of the brain to the right side. The angiogram indicated that blood was flowing into the right middle cerebral and the right anterior cerebral arteries. An intraoperative Doppler4 was also performed and it identified good pulsation distally of the right middle cerebral artery bifurcations. Based on these findings, Dr. Chalifoux made the temporary occlusion permanent. While the intraoperative tests demonstrated that the clip did not prevent blood from flowing from one side of the brain to the other, Dr. Chalifoux acknowledged that “only time would tell if the blood flow was in fact adequate to decrease [E.F.’s] chance of stroke.” On October 19, the day after surgery, E.F. did not wake up. His condition deteriorated, and he became comatose. A CT scan performed on October 21 showed a severe infarct of the right hemisphere of E.F’s brain. E.F. was declared dead on October 22. At Dr. Chalifoux’s administrative hearing, the Board argued that the occlusion of E.F.’s carotid artery fell below the acceptable standard of care and resulted in E.F.’s death. Specifically, the Board insisted that (1) no life-threatening emergency required immediate surgery, (2) it was inappropriate for Dr. Chalifoux to perform a surgery that he had never performed as primary surgeon, and (3) a balloon temporary occlusion (BTO test) should have been performed to determine any potential adverse effects that may have resulted from occluding the carotid artery. To support its position, the Board relied on the testimony of Dr. Martin Barrash and Dr. Arthur Evans, as well as the deposition of Dr. Issam Awad. Dr. Barrash has been a licensed physician for 36 years and was board certified by the American Board of Neurological Surgery in 1974. Dr. Barrash described E.F.’s surgery as “[a]
The Doppler method uses sound waves to detect blood pressure. 4
poorly conceived unnecessary operation done poorly with disastrous results.” Dr. Barrash stated that, when a surgeon is contemplating a permanent occlusion of a cerebral artery, a BTO should be performed. He explained that a BTO is “a preoperative test where you can determine if by occluding a vessel the patient will have neurological deficit. . . . And if the patient has no symptoms, then [a permanent occlusion is] probably safe.” Dr. Barrash testified further that the preoperative and intraoperative tests performed on E.F. were sufficient to establish the existence of blood flow in E.F.’s brain after the carotid artery was clipped but were insufficient to determine whether the blood flow would be adequate to prevent brain damage or death. Dr. Barrash maintained that the occlusion took place “when it was not safe and caused a stroke, an infarct, which caused the patient’s death.” He concluded that Dr. Chalifoux’s treatment of E.F. fell below the accepted standard of care. On cross-examination, Dr. Barrash admitted that he could not predict what would have happened if E.F.’s aneurysm had gone untreated. He also acknowledged that there are risks associated with a BTO. However, he insisted that, based on the information provided to him, the aneurysm should not have been touched. Dr. Arthur Evans, a neurosurgeon, testified that E.F.’s situation did not require that the aneurysm be treated before the TIAs could be medically addressed. Dr. Evans agreed with Dr. Barrash that a BTO should have been performed before occluding E.F.’s carotid artery but noted that he would not have operated in this instance. He also claimed that Dr. Chalifoux never took the necessary steps to determine whether there would be adequate blood flow in the brain after he clipped E.F.’s carotid artery. Dr. Evans asserted further that it was inappropriate for Dr. Chalifoux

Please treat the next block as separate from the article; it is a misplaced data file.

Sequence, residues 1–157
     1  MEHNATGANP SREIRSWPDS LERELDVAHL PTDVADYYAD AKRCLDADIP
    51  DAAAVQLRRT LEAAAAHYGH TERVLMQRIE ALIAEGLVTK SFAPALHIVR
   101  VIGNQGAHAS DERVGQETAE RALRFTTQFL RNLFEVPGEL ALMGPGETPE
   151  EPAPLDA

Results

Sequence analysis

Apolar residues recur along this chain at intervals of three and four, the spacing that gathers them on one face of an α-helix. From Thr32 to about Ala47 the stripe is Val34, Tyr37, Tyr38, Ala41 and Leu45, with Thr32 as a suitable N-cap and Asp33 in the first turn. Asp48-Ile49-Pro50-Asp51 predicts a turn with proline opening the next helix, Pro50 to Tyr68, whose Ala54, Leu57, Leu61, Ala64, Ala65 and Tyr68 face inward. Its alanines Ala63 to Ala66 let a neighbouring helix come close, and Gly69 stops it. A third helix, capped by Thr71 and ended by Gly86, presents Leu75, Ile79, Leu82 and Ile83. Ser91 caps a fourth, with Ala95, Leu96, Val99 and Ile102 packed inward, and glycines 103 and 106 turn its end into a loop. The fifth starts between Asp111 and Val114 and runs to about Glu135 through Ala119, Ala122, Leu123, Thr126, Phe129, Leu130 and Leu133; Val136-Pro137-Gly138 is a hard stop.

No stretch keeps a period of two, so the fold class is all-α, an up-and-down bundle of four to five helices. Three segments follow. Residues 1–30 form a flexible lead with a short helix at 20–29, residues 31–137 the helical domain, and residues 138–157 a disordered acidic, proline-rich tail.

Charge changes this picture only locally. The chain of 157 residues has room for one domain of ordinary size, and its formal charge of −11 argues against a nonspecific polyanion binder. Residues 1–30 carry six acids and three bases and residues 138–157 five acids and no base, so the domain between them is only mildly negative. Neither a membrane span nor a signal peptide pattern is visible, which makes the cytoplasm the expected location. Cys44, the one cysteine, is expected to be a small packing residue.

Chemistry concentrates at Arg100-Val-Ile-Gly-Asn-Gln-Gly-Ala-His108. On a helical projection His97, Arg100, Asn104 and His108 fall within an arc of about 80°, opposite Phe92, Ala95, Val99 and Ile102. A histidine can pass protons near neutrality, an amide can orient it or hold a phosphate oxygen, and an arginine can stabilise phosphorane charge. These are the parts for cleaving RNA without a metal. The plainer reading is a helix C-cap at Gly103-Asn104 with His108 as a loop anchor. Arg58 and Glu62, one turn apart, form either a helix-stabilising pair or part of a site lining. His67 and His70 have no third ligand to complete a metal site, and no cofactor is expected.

to perform such a complex surgery when he had never been the primary surgeon in a surgery of this type. He concluded that Dr. Chalifoux’s care was “substandard.” Dr. Issam Awad, a professor of neurosurgery at the University of Colorado Health Sciences Center, testified by deposition. Dr. Awad stated that the TIAs experienced by E.F. were not related to his aneurysm and were not life-threatening. He claimed that it would be a deviation from the standard of care not to perform a temporary occlusion, such as a BTO, before performing surgery to occlude the carotid artery. However, he admitted that he “would not recommend proceeding with [a] test occlusion in the midst of TIAs, nor would [he] recommend proceeding with treatment of an aneurysm unrelated to those TIAs.” Dr. Awad criticized Dr. Chalifoux for performing an elective surgery that Dr. Chalifoux had not done before in a non-life-threatening situation. Dr. Awad insisted that E.F.’s brain infarction was caused by the occlusion of the carotid artery. In the report he prepared after reviewing E.F.’s case, Dr. Awad concluded:
[Dr. Chalifoux] erroneously justified extremely risky surgical intervention on a formidable cerebrovascular lesion which he knew was not contributing to [E.F.’s] ongoing neurologic symptoms at the time. His reasoning in justifying the surgical intervention was negligently flawed, in that there was little likelihood that he would be able to accomplish the surgical intervention without harming the patient, and even lesser likelihood that he would be able to treat the patient with anticoagulation soon thereafter for presumed progressive ischemia on the other side. In my opinion, there was no absolute indication to treat [E.F.] with anticoagulation in the first place, and no contraindication to using this treatment under controlled conditions and for a very short period of time in the setting of any unruptured aneurysm.